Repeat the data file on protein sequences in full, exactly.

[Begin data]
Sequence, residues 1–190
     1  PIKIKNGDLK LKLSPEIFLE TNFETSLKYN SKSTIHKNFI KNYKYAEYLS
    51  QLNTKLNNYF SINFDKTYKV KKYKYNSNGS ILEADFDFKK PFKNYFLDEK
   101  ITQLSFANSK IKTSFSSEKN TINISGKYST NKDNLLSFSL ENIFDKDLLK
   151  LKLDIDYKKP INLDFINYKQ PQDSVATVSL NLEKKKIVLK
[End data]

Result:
Sequence, residues 1–190
     1  PIKIKNGDLK LKLSPEIFLE TNFETSLKYN SKSTIHKNFI KNYKYAEYLS
    51  QLNTKLNNYF SINFDKTYKV KKYKYNSNGS ILEADFDFKK PFKNYFLDEK
   101  ITQLSFANSK IKTSFSSEKN TINISGKYST NKDNLLSFSL ENIFDKDLLK
   151  LKLDIDYKKP INLDFINYKQ PQDSVATVSL NLEKKKIVLK